Album Review: Black Star Riders - Wrong Side Of Paradise
Reviewed by Dan Barnes
Now in their tenth year, Black Star Riders release album number five, four years after Another State of Grace. It’s a little shocking that this is the band’s Earache Records debut, being one who associates the Nottingham label with the likes of Napalm Death, Carcass and Bolt Thrower.
None of the Ghosts of Earache’s Past have found their way into Black Star Riders’ new record and what we are presented with is a straight-ahead Hard Rock album. Don’t, for one second, think I’m using that as anything other than a compliment because, sometimes, that is precisely what the doctor ordered.
Wrong Side of Paradise is eleven rockin’ tunes that do not look to reinvent the wheel, rather to move you in the places good rock should. The title track launches the opening salvos of pumping rhythms and soaring guitars, with the only ghost here being the band’s obvious links to Thin Lizzy. Ricky Warwick has always channelled Phil Lynott with an effortless ease and the beginning of this new record establishes us on a familiar ground. BSR don’t take the easy route by visiting that well too often, with only Better than Saturday Night returning to a Lynott-esque delivery.
Any Hard Rock band worth their salts is going to have an influence from Thin Lizzy – just as any Doom band does Black Sabbath – and the proximity to the Lizzy legacy might mitigate Black Star Riders flying too close to that particular sun. But the band only briefly pay homage, before heading off into fresher fields.
Don’t Let the World (Get in the Way) is dripping with driving rock riffs; the Celtic flavourings of Green and Troubled Land plays like a lament to the historic situation across the Irish Sea, close to Ricky’s heart as he is a Belfast native; and This Life Will Be the Death of Me builds its subtleties around a gentle bassline and bluesy solo.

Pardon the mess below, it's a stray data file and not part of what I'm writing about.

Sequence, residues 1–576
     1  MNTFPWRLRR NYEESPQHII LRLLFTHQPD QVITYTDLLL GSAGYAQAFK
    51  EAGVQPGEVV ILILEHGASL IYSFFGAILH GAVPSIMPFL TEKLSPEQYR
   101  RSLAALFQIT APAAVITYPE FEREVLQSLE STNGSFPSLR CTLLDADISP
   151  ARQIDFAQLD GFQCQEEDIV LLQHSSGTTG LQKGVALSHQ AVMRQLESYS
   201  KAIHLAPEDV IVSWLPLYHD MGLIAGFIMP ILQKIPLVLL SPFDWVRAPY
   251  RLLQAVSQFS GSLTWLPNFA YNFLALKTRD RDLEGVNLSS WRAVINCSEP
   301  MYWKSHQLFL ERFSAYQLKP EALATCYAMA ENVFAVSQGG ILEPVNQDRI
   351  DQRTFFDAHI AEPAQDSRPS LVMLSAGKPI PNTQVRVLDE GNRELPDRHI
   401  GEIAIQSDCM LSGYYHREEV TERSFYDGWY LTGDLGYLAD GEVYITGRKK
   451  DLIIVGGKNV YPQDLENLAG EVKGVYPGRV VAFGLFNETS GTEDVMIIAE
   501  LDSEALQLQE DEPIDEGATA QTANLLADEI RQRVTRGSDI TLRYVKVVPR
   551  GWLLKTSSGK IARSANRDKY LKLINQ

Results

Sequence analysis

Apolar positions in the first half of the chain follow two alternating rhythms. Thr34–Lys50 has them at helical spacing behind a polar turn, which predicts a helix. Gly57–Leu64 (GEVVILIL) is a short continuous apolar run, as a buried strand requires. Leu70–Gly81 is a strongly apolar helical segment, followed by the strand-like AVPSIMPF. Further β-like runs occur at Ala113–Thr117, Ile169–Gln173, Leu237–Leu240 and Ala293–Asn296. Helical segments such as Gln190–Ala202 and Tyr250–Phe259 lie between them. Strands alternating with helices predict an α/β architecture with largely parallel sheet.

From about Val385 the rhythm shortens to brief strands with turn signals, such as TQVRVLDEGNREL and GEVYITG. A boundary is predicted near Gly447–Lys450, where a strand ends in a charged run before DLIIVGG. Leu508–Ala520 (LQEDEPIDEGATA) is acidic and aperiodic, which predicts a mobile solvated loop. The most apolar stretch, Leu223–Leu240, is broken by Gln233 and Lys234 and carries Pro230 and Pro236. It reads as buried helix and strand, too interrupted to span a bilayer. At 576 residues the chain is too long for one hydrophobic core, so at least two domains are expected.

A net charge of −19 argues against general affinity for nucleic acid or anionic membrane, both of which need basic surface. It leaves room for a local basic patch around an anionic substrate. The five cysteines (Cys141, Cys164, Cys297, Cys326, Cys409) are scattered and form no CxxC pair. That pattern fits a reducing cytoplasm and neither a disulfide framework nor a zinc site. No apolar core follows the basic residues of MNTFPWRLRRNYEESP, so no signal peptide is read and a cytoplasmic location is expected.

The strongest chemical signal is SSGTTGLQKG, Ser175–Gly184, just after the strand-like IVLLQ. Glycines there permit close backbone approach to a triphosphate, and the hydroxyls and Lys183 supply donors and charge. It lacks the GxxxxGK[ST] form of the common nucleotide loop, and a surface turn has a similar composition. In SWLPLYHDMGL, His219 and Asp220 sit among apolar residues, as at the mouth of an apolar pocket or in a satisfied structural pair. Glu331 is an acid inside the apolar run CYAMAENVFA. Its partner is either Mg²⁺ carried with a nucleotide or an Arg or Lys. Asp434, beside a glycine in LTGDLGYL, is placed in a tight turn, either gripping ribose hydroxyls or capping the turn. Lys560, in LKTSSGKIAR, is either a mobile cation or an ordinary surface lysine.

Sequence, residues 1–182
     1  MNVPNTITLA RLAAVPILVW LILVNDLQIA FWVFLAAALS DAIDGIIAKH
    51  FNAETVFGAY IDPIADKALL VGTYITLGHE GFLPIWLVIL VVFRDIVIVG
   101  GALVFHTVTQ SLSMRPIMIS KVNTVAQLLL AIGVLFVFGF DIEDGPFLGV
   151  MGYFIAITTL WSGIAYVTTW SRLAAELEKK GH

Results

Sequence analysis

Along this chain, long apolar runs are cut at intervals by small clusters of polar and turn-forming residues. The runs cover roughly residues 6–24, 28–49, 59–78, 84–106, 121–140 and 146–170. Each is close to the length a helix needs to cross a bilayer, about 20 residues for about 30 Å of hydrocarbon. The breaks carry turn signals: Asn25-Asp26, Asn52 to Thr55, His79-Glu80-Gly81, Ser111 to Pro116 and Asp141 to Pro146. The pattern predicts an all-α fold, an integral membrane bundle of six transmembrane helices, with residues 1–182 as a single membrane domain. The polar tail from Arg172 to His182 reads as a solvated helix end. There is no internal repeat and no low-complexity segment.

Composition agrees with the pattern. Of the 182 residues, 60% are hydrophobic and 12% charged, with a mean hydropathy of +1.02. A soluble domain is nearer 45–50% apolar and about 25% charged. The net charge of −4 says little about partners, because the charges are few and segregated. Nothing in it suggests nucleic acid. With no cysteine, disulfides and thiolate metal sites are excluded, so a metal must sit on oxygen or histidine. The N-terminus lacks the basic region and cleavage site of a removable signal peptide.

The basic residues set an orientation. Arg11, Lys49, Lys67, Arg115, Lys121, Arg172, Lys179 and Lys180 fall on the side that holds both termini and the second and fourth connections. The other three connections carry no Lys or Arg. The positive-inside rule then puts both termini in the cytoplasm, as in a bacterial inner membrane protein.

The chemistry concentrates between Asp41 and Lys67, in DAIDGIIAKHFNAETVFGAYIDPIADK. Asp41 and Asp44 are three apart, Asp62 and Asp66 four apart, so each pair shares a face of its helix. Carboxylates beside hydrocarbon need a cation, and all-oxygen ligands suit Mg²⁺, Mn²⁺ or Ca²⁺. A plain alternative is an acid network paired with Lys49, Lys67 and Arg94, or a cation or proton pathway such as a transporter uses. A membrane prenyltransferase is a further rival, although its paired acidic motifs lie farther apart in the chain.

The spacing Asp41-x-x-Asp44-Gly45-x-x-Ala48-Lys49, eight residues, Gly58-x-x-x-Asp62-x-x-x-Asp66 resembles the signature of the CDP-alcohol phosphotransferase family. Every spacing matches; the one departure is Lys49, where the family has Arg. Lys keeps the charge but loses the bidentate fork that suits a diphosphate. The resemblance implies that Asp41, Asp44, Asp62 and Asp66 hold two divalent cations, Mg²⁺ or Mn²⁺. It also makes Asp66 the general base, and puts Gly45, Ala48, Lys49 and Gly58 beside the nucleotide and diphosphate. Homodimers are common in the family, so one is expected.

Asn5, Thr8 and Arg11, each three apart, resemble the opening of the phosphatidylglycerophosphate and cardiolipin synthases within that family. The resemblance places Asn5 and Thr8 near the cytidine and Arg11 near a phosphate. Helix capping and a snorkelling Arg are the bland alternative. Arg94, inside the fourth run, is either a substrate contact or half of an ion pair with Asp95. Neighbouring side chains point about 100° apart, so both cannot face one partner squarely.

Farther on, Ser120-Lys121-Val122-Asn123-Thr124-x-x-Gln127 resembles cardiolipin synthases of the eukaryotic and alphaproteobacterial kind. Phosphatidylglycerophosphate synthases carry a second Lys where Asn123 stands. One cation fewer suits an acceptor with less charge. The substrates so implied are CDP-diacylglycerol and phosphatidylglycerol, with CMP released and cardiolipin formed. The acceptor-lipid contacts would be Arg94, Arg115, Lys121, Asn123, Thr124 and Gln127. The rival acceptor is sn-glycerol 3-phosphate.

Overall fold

The idiomatically titled Catch Yourself On finds the band exploring more alternative sounds, all the while maintaining a steady, heart-beat, pulse. Second single, Pay Dirt, is a huge, stadium-filling anthem, full of driving riffs and massive beats that is a certified live classic in-waiting. The refrain of “my heart belongs to Belfast, my soul belongs to Glasgow” will be like lighting the touch papers at the Limelight and SWG3 when Black Star Riders play those cities in February.
Hustle’s whiskey-soaked bar rock – complete with harmonica – and the acoustic hearts of both Riding Out the Storm and Burning Rome sound like that wouldn’t be out of place on one of Ricky’s solo records; while the Black Star-ification of the Osmonds’ Crazy Horses fits right in.
I’ve been a big fan of Ricky Warwick’s work since I caught my first Almighty gig in February 1990, in the foyer of the Preston Guildhall – don’t look for it, it’s not there now. Throughout the time since, Mr Warwick has shown himself to be a consummate songwriter and performer. On Wrong Side of Paradise, he continues that, giving a performance both musically and vocally and further cementing himself as one of his generation’s finest talents.
The current Black Star Riders line-up, completed by Sam Wood, Robbie Crane and Zak St John are on tip-top form throughout the album, so it’s bitter-sweet to hear Sam and Zak’s places will be occupied Scott Gorham and Jimmy DeGrasso on tour next month. Not bad replacements, me thinks!
I know it’s only mid-January, but there’s a very good chance Wrong Side of Paradise could be featuring on many an Album of the Year list come December.